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Definition: MOSFET

(Metal Oxide Semiconductor Field Effect Transistor) The most popular type of field effect transistor (see FET). MOSFETs are fabricated as a "discrete" transistor packaged individually for high power applications as well as chips with hundreds of millions of transistors.

The "MO" in MOS and "FE" in FET
The "metal oxide" (MO) comes from the first devices that used a metal gate over oxide (silicon dioxide). Subsequently, poly-crystalline silicon was used for the gate, but MOS was never renamed. The "field-effect" (FE) is the electromagnetic field that is generated when the gate electrode is energized, causing the transistor to turn on or off.

MOSFETs come in negative channel and positive channel varieties (see below). When NMOS and PMOS transistors are wired together, they become a CMOS (complementary MOS) gate, which causes no power to be used until the transistors switch. CMOS is the most widely used microelectronic design process and is found in almost every electronic product. See power MOSFET, n-type silicon, bipolar transistor, chip and FET.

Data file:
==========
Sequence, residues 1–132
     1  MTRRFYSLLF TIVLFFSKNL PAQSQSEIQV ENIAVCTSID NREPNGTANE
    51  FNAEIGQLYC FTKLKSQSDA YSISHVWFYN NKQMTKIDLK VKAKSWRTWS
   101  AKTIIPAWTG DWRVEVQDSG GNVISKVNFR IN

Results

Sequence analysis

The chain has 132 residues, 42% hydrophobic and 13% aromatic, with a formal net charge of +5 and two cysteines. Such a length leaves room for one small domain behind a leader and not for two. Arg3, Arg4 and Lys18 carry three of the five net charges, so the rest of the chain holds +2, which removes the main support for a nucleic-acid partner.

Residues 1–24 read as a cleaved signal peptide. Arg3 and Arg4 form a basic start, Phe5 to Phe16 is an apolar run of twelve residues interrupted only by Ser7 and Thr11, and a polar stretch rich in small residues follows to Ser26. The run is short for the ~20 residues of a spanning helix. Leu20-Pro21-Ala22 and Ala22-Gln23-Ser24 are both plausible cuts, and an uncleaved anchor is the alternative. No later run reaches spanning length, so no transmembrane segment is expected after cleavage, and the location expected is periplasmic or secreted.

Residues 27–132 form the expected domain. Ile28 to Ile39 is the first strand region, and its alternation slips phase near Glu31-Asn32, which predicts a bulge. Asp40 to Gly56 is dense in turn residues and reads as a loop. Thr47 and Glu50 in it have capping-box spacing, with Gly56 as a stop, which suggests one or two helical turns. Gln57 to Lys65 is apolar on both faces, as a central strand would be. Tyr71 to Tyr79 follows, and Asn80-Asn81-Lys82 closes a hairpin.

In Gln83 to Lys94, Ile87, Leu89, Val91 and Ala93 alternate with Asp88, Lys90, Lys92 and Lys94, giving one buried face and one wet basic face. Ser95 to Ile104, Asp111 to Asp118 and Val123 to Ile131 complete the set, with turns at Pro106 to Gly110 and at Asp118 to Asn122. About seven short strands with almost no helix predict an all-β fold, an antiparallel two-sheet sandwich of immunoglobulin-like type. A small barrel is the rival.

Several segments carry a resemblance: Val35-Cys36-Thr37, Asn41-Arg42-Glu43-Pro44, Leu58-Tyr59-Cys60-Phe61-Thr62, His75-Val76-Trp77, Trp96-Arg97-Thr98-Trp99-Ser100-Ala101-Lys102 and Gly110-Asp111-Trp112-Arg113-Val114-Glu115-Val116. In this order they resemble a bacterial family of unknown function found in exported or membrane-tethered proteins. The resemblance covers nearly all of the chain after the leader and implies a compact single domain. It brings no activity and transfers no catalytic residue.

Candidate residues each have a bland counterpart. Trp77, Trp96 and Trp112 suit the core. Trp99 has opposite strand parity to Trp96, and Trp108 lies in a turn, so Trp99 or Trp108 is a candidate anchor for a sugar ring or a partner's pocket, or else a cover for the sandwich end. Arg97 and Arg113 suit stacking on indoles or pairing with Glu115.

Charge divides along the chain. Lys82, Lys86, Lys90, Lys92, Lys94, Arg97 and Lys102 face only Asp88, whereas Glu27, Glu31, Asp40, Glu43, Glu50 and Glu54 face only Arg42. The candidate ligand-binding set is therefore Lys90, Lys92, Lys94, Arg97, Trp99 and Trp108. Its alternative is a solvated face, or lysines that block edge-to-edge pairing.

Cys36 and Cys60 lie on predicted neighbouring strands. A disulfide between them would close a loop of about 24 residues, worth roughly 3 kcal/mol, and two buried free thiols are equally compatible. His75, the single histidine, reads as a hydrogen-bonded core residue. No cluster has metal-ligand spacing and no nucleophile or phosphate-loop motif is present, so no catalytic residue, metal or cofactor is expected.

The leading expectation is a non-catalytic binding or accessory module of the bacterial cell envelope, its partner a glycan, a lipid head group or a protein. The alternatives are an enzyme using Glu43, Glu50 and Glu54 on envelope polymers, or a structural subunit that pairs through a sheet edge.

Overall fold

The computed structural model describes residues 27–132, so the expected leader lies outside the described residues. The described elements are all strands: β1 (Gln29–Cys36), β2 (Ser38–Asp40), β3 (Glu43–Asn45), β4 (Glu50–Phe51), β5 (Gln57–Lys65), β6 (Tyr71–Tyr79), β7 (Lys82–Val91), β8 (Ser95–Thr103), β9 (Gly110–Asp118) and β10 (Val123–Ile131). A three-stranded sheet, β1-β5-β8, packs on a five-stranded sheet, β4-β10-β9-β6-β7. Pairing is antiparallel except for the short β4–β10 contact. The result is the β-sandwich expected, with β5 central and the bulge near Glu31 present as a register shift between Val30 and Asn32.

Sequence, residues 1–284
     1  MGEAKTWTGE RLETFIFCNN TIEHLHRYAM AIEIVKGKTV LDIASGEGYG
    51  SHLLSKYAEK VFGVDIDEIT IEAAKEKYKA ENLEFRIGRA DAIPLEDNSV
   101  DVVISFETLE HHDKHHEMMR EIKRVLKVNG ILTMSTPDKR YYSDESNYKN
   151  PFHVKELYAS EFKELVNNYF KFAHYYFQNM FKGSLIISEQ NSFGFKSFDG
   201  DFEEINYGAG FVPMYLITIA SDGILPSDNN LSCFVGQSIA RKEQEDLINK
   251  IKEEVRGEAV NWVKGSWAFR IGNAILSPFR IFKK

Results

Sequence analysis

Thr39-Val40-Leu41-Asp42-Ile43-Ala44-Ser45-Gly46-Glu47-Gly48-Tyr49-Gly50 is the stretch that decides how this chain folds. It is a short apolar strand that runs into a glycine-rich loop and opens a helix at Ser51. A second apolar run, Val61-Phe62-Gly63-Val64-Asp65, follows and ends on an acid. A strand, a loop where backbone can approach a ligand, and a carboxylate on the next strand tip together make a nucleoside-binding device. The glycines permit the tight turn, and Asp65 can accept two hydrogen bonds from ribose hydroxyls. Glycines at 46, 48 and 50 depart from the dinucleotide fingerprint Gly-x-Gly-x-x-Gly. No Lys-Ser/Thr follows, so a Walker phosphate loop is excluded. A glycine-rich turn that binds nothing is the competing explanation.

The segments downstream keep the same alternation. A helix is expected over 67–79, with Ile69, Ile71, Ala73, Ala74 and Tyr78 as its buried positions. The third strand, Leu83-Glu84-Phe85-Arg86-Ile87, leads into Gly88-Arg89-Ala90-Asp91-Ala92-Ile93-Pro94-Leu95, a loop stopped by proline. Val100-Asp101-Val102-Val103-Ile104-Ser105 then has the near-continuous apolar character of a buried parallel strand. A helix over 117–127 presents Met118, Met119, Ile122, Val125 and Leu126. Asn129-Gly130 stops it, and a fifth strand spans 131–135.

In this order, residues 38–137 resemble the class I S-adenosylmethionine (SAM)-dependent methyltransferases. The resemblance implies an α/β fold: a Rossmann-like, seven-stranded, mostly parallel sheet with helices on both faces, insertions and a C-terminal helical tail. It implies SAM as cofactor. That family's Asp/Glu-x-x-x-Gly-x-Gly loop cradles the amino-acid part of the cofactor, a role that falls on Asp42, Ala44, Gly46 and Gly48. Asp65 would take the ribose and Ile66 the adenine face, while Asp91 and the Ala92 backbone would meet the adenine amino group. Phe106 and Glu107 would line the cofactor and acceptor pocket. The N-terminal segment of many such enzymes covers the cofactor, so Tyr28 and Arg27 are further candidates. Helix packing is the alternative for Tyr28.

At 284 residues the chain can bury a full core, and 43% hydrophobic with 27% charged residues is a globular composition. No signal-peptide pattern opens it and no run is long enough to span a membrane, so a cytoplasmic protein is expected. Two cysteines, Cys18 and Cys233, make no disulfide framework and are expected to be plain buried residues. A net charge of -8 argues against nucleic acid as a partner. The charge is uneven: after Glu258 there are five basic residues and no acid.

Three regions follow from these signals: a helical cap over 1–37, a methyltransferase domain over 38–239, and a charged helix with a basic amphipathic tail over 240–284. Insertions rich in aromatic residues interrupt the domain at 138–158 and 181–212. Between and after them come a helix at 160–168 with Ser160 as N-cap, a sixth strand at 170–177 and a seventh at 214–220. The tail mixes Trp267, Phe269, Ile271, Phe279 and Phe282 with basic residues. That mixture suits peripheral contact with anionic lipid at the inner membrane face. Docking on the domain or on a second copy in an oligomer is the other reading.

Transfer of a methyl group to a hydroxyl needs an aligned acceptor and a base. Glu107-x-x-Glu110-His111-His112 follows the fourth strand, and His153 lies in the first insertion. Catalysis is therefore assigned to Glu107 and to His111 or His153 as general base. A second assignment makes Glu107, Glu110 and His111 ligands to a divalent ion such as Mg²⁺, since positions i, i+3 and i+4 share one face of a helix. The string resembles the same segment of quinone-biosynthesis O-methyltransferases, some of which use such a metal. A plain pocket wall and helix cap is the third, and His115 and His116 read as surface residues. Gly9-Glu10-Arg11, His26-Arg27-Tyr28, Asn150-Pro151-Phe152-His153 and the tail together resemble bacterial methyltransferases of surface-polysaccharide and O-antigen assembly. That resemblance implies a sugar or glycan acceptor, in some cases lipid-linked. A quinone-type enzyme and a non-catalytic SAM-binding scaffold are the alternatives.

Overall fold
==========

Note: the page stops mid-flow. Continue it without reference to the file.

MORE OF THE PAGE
NMOS and PMOS Transistors
When voltage is applied to the gate in a MOSFET transistor, it creates a "field" with the opposite charge. In an NMOS transistor, holes are repulsed in the p-type silicon forming a conductive n-type channel, and current flows from source to drain. With PMOS, the opposite occurs, and voltage on the gate impedes the current flow. NMOS transistors switch faster than PMOS, but PMOS is more immune to noise. For more details, see n-type silicon.